9. ^ "Nurse hopes to have world's first baby from a transplant womb donated by her own MOTHER". The Daily Mail (London). 2011-10-18. 
  10. ^ "Turkish woman has world's first womb transplant". timesofmalta.com. Retrieved 2012-11-21. 
  11. ^ "Revolutionary ‘Womb Transplant’ performed in Turkey - World’s First". Allvoices.com. Retrieved 2012-11-21. 
  12. ^ "World’s first successful uterus transplant performed in Turkey — RT". Rt.com. Retrieved 2012-11-21. 
  13. ^ "World’s first womb transplant in Turkey promises hope for women". Alarabiya.net. 2011-10-01. Retrieved 2012-11-21. 
  14. ^ "HEALTH - Doctors hopeful for uterus transplant". Hurriyetdailynews.com. 2011-09-13. Retrieved 2012-11-21. 
  15. ^ "World's first uterus transplant performed in Turkey/TRT-English". Trt-world.com. 2012-02-27. Retrieved 2012-11-21. 
  16. ^ "Turkish surgeons perform world's first uterus transplant | Family & Health". World Bulletin. Retrieved 2012-11-21. 
  17. ^ "World's first successful uterus transplant performed in Turkey". Rt.com. Oct 2011. Retrieved 2012-11-20. 
  18. ^ "Womb transplant recipient Derya Sert pregnant". AAP. 2013-04-13. 
  19. ^ http://shine.yahoo.com/healthy-living/womb-transplant-patient-derya-sert-is-pregnant--confirms-doctor-210119461.html
  20. ^ http://www.hurriyetdailynews.com/worlds-first-uterus-transplant-patient-pregnant-say-doctors.aspx?pageID=238&nID=44790&NewsCatID=373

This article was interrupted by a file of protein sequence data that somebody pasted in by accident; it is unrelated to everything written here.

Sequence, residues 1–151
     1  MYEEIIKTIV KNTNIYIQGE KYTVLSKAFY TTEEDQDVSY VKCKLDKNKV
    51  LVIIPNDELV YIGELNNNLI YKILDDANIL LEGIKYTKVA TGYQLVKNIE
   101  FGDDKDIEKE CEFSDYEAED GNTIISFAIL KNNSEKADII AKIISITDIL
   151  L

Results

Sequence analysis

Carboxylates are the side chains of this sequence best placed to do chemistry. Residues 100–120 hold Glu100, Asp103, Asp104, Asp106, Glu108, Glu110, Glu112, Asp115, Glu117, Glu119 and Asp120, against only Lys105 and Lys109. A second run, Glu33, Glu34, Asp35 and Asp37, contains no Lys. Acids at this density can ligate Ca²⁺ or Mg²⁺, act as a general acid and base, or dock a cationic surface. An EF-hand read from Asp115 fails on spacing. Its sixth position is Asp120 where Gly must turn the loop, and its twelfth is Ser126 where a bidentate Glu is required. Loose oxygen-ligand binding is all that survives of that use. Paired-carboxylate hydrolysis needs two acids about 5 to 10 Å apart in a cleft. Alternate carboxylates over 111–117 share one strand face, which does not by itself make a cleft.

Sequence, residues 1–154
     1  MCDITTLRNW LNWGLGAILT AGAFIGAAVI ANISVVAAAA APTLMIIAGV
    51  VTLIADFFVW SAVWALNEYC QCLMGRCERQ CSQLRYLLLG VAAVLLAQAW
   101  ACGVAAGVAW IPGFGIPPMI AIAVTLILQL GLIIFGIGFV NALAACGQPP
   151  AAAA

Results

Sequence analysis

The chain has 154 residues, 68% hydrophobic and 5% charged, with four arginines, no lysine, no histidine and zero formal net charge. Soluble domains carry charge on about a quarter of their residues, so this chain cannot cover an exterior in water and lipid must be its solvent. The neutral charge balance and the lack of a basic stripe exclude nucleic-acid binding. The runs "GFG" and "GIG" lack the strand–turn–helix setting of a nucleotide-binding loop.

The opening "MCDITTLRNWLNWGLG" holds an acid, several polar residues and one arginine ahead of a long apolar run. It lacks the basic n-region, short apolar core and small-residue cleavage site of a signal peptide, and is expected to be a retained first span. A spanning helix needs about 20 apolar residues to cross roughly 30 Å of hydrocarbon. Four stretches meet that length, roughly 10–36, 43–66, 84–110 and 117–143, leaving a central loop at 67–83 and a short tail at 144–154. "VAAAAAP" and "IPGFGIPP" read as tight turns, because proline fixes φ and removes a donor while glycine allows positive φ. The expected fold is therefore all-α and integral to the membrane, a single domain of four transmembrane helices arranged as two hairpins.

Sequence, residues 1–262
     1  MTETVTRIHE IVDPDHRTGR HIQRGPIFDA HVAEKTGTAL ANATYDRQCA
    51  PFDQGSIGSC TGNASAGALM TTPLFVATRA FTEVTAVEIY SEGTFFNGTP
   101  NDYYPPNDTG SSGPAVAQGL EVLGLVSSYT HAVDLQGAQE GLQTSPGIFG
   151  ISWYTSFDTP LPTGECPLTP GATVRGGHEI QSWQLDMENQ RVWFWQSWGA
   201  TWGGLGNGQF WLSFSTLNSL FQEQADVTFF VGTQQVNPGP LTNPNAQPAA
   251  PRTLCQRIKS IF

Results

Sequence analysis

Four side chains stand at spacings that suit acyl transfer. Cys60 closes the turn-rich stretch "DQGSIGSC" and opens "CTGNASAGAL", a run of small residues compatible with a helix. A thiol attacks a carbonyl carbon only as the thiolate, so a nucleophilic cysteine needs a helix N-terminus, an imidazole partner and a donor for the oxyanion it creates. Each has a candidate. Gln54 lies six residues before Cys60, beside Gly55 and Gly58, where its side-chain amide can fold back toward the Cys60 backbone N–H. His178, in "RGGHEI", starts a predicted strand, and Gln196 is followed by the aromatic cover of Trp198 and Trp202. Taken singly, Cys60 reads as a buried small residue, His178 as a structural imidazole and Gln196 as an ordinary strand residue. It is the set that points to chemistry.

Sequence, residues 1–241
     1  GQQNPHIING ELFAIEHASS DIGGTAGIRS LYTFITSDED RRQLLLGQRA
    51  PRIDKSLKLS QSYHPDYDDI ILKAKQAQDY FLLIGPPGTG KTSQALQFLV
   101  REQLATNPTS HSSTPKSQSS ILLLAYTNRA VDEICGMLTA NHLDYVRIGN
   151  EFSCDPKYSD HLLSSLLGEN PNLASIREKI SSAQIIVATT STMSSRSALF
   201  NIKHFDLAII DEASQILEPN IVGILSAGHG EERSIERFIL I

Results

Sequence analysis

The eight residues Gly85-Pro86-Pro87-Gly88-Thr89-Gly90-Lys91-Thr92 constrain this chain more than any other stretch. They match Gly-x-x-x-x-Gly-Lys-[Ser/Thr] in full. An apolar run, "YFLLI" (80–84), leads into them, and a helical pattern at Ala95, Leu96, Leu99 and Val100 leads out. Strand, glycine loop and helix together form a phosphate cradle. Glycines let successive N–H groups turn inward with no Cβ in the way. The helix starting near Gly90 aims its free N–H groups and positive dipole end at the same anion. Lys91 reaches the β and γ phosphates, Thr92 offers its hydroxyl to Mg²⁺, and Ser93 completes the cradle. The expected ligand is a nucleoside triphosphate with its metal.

21. ^ Derya Sert'in gebeliği sonlandırıldı. CNNTurk.com. (Turkish)
  22. ^ Brännström, Mats; Johannesson, Liza; Dahm-Kähler, Pernilla; Enskog, Anders; Mölne, Johan; Kvarnström, Niclas; Diaz-Garcia, Cesar; Hanafy, Ash; Lundmark, Cecilia; Marcickiewicz, Janusz; Gäbel, Markus; Groth, Klaus; Akouri, Randa; Eklind, Saskia; Holgersson, Jan; Tzakis, Andreas; Olausson, Michael. "First clinical uterus transplantation trial: a six-month report". Fertility and Sterility 101 (5): 1228–1236. doi:10.1016/j.fertnstert.2014.02.024. 
  23. ^ Brännström, Mats; Diaz-Garcia, Cesar; Hanafy, Ash; Olausson, Michael; Tzakis, Andreas. "Uterus transplantation: animal research and human possibilities". Fertility and Sterility 97 (6): 1269–1276. doi:10.1016/j.fertnstert.2012.04.001. 
  24. ^ Brännström, Mats; Johannesson, Liza; Dahm-Kähler, Pernilla; Enskog, Anders; Mölne, Johan; Kvarnström, Niclas; Diaz-Garcia, Cesar; Hanafy, Ash; Lundmark, Cecilia; Marcickiewicz, Janusz; Gäbel, Markus; Groth, Klaus; Akouri, Randa; Eklind, Saskia; Holgersson, Jan; Tzakis, Andreas; Olausson, Michael. "First clinical uterus transplantation trial: a six-month report". Fertility and Sterility 101 (5): 1228–1236. doi:10.1016/j.fertnstert.2014.02.024. 
  25. ^ Brannstrom, M.; Wranning, C. A.; Altchek, A. (7 November 2009). "Experimental uterus transplantation". Human Reproduction Update 16 (3): 329–345. doi:10.1093/humupd/dmp049.